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- Who are most anti Irish
||Who are most anti Irish Sceala Irish Craic Forum Irish Message
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No the English.
It is the Scots. I am in Glasgow, but not Scottish. I am Irish.
Among the Scots are the most anti Irish bastards out. It is not just one or two. 100,000 sectarian & racist orange Mhuns prove that.
Even when they win they are cowardly evil bastards.
Examples of anti Irish racism in Scotland. land of the Orange lager bully boy.
Exclusive: Celtic star Neil Lennon was minutes from death after swallowing tongue in sectarian street attack
Sep 3 2008 By Mark Mcgivern And Lachlan Mackinnon
CELTIC coach Neil Lennon was minutes from death after swallowing his tongue during a vicious street attack.
The Record can reveal that the star was in danger of choking to death after the cowardly attack in the early hours of Monday.
Helpless Lennon was laid into while on the ground, suffering a black eye and a gash that needed stitches.
He also had a large lump on the back of his head - where he was initially struck by his assailants - which caused concussion.
The Record can also reveal that detectives took CCTV images from Ashton Lane in Glasgow's west end to Lennon's home onMonday night.
He was asked to watch the incident played on his TV, with girlfriend Irene at his side, as police tried to discover the identity of the attackers.
A source said: "Neil was not expecting to be attacked from behind, so his guard was down.
"He got battered with great force, possibly with a bottle, although it's possible that his head hit a wall.
"He hit the deck and took a real kicking when he was down. He swallowed his tongue and wasn't able to breathe properly until it was taken out."
It was unclear to Lennon, who was unconscious for several minutes, who had taken his tongue from his mouth.
The source added: "Someone has saved Neil's life - this could very easily have been a murder investigation. Police were called to the scene at around 25 minutes past midnight but it is believed an ambulance had already been alerted bythis time."
The source rubbished reports in one newspaper that Lennon had been the aggressor against two elderly men, one of whom knocked him out.
He said: "One paper said he was attacked by a couple of old men after he had been noising them up, which is offensive and absurd.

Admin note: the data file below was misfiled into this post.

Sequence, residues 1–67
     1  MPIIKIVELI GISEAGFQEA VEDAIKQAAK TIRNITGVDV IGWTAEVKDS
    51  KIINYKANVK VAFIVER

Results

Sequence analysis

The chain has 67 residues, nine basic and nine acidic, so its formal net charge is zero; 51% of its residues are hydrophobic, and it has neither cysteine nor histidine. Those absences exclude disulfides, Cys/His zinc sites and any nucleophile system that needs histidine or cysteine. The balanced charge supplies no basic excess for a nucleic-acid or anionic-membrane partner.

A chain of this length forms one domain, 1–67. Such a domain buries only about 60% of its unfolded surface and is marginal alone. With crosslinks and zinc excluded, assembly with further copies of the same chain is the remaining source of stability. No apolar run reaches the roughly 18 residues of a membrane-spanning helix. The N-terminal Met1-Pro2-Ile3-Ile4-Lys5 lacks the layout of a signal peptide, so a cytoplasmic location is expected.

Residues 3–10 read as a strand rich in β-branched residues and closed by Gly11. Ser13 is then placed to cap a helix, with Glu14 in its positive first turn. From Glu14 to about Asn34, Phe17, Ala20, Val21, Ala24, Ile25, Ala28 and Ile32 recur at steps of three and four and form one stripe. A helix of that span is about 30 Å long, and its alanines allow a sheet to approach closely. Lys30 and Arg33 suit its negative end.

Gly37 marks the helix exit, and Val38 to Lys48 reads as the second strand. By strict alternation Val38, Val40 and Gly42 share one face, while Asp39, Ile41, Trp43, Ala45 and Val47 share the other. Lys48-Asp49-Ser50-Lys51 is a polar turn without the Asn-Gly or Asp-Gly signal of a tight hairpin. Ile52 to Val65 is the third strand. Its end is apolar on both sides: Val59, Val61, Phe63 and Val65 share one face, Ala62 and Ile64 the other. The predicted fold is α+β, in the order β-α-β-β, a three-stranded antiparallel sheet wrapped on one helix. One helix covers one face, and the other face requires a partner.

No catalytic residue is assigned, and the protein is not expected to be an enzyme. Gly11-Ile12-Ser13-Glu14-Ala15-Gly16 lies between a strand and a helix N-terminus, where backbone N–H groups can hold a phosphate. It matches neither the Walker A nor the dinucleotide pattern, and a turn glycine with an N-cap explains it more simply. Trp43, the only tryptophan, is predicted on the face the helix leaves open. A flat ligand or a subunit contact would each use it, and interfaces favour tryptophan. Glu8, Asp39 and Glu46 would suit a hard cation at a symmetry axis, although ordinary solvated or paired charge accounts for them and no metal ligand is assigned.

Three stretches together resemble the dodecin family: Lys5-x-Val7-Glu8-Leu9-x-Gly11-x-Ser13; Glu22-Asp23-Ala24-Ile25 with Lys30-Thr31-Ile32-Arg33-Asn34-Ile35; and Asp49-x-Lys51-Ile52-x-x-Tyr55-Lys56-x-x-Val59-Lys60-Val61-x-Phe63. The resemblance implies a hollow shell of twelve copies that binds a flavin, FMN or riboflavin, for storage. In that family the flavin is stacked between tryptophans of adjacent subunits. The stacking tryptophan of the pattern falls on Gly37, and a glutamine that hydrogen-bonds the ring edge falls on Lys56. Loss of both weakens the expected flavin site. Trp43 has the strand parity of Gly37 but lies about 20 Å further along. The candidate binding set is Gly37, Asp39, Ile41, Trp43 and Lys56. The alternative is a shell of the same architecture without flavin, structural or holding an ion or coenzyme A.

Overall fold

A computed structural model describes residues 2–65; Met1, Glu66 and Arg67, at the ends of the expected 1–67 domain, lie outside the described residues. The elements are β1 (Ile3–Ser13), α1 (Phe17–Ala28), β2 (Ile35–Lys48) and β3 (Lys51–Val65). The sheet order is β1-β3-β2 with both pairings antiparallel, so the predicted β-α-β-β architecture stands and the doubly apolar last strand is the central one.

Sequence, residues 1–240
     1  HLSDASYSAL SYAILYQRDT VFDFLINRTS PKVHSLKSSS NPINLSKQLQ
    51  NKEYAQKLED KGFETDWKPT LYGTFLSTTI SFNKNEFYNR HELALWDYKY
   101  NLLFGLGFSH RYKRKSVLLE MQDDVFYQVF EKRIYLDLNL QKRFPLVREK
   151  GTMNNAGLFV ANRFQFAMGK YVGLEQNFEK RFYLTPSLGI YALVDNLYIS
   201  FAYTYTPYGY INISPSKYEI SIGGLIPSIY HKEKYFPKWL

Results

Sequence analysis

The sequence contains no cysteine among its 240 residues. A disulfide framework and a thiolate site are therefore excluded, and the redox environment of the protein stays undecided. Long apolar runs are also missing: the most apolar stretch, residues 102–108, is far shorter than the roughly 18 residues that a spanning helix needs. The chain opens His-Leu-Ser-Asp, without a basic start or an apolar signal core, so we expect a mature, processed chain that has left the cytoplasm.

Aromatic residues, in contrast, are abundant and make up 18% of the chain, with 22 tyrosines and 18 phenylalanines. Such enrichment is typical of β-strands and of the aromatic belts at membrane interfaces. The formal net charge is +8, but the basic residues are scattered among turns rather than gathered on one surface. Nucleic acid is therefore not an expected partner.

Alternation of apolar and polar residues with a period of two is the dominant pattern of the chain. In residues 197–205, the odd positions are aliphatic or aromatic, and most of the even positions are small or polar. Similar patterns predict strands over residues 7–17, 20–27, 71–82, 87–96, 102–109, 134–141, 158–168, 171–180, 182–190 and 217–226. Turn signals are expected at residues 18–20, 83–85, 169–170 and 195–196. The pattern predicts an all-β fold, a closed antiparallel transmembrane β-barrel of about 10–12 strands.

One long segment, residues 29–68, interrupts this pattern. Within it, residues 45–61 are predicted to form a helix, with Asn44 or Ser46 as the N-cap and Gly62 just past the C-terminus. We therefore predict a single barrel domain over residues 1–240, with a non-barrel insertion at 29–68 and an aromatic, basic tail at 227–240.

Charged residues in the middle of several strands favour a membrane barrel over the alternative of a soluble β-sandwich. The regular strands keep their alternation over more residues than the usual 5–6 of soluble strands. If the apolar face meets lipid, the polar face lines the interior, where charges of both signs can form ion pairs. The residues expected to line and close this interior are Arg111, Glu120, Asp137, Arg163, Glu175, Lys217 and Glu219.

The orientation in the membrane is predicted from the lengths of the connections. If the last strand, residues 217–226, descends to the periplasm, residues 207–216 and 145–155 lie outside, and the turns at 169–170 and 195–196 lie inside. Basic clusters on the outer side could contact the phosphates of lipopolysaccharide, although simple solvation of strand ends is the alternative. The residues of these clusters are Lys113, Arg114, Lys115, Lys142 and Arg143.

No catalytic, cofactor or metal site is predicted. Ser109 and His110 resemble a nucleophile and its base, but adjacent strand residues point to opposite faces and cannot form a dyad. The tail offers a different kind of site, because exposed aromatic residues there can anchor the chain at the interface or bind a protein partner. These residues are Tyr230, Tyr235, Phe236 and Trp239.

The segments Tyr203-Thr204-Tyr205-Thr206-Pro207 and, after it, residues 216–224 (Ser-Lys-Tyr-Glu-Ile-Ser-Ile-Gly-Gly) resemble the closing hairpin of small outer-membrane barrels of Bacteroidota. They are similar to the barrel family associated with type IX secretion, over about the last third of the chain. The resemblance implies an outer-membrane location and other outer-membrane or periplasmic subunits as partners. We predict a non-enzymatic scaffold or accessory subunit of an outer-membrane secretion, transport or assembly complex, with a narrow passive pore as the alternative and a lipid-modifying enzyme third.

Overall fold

"He nearly lost his life and he has to deal with stupid slurs like that on top.
Police yesterday confirmed they were treating the attack as sectarian.
They said they were searching for two men aged in their 40s in connection with the incident.
One was of heavy build, wearing a light blue shirt and a black leather jacket. The second was wearing a light coloured shirt.
Racism and Glasgow Rangers
Madam, - Given that Ireland's current economic slowdown is expected to result in an increase in racism, I believe that Scotland provides a good example of what Ireland needs to guard against in its treatment of immigrants.
I read your Michael Walker's article on the Celtic-Rangers match with great interest. I was invited to the match by a client and heard the singing from the Rangers fans. It wasn't difficult to decipher as the Celtic team was completely dominated by Rangers, resulting in a stunned silence from the Celtic fans and non-stop noise from the Rangers supporters.
There was much abuse aimed at Celtic players who were not of Scottish origin, with a Pole and a Japanese player being the target of sickening insults. But this abuse paled in comparison with the anti-Irish chants aimed at the Celtic fans and at the Irish international player Aidan McGeady. Most distressing of all, however, was a song, aimed I assume at all Irish people, which repeated the line: "The famine is over, why don't you go home?"
This casual racism does not appear to be confined to Rangers fans alone, as one of Scotland's red-tops had a cartoon the following Tuesday making a joke about the post-match assault with Neil Lennon the former Celtic captain, who was depicted with bandages and black eyes.
Although Irish people have been part of Scottish society for over 160 years the cancer of racism still persists. I hope Irish people will remember this should racism come to the fore in this land of emigrants and immigrants. - Yours, etc,
What other country would allow this bampot to be a referee.
SPL referee Mike McCurry filmed singing Rangers anthem in a church
Sep 21 2008 By Steve Dinneen
This is SPL referee Mike McCurry belting out Rangers anthem Simply The Best in front of his stunned congregation.